Delhi scales new testing high with more than 45k Covid-19 samples


New Delhi The Delhi government conducted a record 45,797 tests for Covid-19 on Tuesday — days after Delhi chief minister Arvind Kejriwal announced the ramping up of testing to 40,000 daily samples to tackle a resurgence of cases.

This was the first time that the number of daily tests crossed the CM’s target of 40,000 announced on August 26 though a gradual increase in testing in Delhi had started from August 31, with the city setting new records for daily tests in five out of the last seven days.

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The milestone in Covid-19 testing comes on the same day that the Delhi high court removed the requirement of a doctor’s prescription to get a reverse transcription-polymerase chain reaction, or RT-PCR, tests in the city. 

As testing increased, 3,609 new cases were reported in Delhi — the highest single-day case count since June 24, 76 days ago, when 3,788 new cases were reported. Over the past week, Delhi has recorded 2,868 new cases every day on average.

Cases in Delhi rose rapidly through May and June, and started dropping by end of June after hitting an initial peak. After a steady drop in cases for around three weeks (seven-day average of daily cases dropped to 983 by August 4), cases again started rising alarmingly from mid-August. As of Tuesday, there are 197,135 cases in the city.

Also read | Covid-19: With 3,609 cases, Delhi records highest ever infections in over 78 days

Delhi health minister Satyendar Jain said people should not panic over the rising number of daily cases. “The main reason why Covid-19 cases are more now is because we have more than doubled our testing. It is part of our ‘test, track, treat and isolate’ strategy, which essentially is the Delhi model,” he said.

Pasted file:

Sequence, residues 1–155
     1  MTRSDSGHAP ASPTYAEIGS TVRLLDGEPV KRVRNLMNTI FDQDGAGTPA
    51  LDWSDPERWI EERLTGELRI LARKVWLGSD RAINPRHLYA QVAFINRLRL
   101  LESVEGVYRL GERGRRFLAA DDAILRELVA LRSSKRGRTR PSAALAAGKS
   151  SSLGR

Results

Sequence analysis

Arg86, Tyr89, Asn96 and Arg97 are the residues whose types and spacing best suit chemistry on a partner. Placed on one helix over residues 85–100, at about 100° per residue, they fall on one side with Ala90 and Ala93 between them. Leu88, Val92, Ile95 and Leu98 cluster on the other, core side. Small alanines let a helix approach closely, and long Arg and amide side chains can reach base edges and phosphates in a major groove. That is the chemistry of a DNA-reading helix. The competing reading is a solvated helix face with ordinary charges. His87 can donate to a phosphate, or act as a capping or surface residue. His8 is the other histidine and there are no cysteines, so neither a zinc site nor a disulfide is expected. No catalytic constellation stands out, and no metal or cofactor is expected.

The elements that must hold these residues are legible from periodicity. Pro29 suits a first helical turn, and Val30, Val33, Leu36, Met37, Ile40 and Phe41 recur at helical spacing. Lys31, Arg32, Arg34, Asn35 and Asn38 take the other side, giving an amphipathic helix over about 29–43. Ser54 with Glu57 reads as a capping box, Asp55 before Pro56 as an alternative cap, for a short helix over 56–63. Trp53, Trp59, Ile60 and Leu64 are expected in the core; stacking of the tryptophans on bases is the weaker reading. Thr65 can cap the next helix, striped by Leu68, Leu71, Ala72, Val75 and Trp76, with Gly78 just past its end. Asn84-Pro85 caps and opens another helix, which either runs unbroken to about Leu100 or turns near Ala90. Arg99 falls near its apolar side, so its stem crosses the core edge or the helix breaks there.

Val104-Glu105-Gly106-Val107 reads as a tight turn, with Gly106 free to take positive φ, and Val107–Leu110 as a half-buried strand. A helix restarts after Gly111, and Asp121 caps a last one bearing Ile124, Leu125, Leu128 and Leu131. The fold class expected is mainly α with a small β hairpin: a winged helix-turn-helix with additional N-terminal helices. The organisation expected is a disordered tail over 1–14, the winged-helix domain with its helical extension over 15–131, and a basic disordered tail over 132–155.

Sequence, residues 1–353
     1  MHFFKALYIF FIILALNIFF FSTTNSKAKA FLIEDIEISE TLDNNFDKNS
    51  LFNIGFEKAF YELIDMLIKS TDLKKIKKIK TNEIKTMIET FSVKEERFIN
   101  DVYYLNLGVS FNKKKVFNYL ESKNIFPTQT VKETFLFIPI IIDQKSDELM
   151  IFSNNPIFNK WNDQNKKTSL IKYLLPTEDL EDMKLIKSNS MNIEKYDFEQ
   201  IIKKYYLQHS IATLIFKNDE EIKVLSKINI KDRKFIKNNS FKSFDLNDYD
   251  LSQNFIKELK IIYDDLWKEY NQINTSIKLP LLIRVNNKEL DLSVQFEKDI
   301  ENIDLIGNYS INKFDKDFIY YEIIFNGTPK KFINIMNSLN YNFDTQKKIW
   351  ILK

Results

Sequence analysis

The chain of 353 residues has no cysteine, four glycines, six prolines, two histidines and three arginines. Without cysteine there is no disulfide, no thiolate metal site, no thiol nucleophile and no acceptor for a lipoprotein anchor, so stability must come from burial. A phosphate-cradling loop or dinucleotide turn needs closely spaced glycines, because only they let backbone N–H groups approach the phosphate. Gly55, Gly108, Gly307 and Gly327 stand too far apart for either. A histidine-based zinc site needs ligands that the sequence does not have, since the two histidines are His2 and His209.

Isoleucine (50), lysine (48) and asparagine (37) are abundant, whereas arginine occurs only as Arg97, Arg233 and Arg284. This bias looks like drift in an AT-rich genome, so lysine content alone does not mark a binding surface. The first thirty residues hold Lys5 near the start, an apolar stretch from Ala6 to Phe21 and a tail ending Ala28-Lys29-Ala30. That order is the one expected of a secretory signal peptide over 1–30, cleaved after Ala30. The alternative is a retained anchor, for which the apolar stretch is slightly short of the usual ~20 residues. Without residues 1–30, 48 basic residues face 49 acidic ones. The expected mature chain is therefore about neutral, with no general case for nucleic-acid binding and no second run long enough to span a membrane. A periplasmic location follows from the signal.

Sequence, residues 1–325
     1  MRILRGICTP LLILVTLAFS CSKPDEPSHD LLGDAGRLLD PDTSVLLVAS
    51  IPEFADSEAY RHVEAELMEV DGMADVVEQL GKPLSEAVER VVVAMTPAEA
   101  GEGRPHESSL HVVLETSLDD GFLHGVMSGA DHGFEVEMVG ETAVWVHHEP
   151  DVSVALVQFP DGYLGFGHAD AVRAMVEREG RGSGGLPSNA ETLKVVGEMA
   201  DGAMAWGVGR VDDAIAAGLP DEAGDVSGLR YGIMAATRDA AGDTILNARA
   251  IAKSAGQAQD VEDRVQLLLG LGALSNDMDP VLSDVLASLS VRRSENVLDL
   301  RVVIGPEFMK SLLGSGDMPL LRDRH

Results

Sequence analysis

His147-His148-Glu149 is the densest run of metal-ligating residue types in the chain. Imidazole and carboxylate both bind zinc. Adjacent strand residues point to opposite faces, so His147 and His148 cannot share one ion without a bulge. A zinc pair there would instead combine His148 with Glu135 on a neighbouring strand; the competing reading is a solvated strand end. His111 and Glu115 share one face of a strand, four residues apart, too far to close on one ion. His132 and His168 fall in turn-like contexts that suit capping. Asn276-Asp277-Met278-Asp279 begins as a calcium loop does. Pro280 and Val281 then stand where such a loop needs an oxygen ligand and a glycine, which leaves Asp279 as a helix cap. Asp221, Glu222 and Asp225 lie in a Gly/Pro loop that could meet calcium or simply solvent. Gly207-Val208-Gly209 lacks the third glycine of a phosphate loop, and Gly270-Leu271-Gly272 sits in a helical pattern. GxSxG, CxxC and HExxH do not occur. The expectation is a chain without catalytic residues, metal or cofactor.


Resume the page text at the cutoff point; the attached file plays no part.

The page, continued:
He added the current daily numbers cannot be compared to the cases reported in June, when 18,000-20,000 tests were being conducted daily and the fresh cases ranged between 2,000-3,000.

Also on Tuesday, the Delhi high court said that a doctor’s prescription is not required anymore for asymptomatic patients to get an RT-PCR test. Until now, if someone who did not have any Covid-19 symptoms wanted to get an RT-PCR test (which is considered the gold standard for tests) in Delhi, they had to produce a doctor’s prescription. Delhi residents, however, could get antigen tests without any prescription.

Now, only Aadhaar cards (with Delhi address) and an Indian Council of Medical Research form would be required for people who want to get RT-PCR test. On a trial basis, RT-PCR tests for asymptomatic patients would be capped at 2,000 a day, the court said.

With 9,944 RT-PCR tests, Delhi also set a record for the highest number of single-day RT-PCR tests, according to Tuesday’s health bulletin. Previously, this record was set on June 29, when Delhi conducted 9,619 such tests.

Also read | Delhi: For some patients, wait for ICU bed is long and agonising

Delhi chief minister Arvind Kejriwal said in a tweet on Tuesday: “The Delhi government has increased testing multifold. I have directed the health minister this morning that doctor’s prescription should not be asked for testing. Anyone can get himself tested.”

With the increase in tests, the average positivity rate has also started declining. Around 7.9% of tests came back positive on Tuesday. The number, which had dropped from a peak of 31.4% in mid-June to 5.7% at the end of July, was 8.4% in the past week. Overall, 10.7% of all tests done in Delhi have come back positive.

Experts welcomed the increase testing in Delhi and said rising cases are not an immediate concern.

“The government has taken a very good step of ramping up testing massively. What we need to see is that the number of positive cases that we are reporting every day is not that bad considering the number of tests. We were reporting the same number of cases with maybe 15,000-odd tests in June. The government has also asked hospitals to test all the patients coming into the OPD and their family members too, if needed. This has resulted in us detecting several asymptomatic cases that might have otherwise transmitted the infection on to others,” said Dr SK Sarin, director, Institute of Liver and Biliary Disease where the city’s first plasma bank is located.

(With inputs from Richa Banka)



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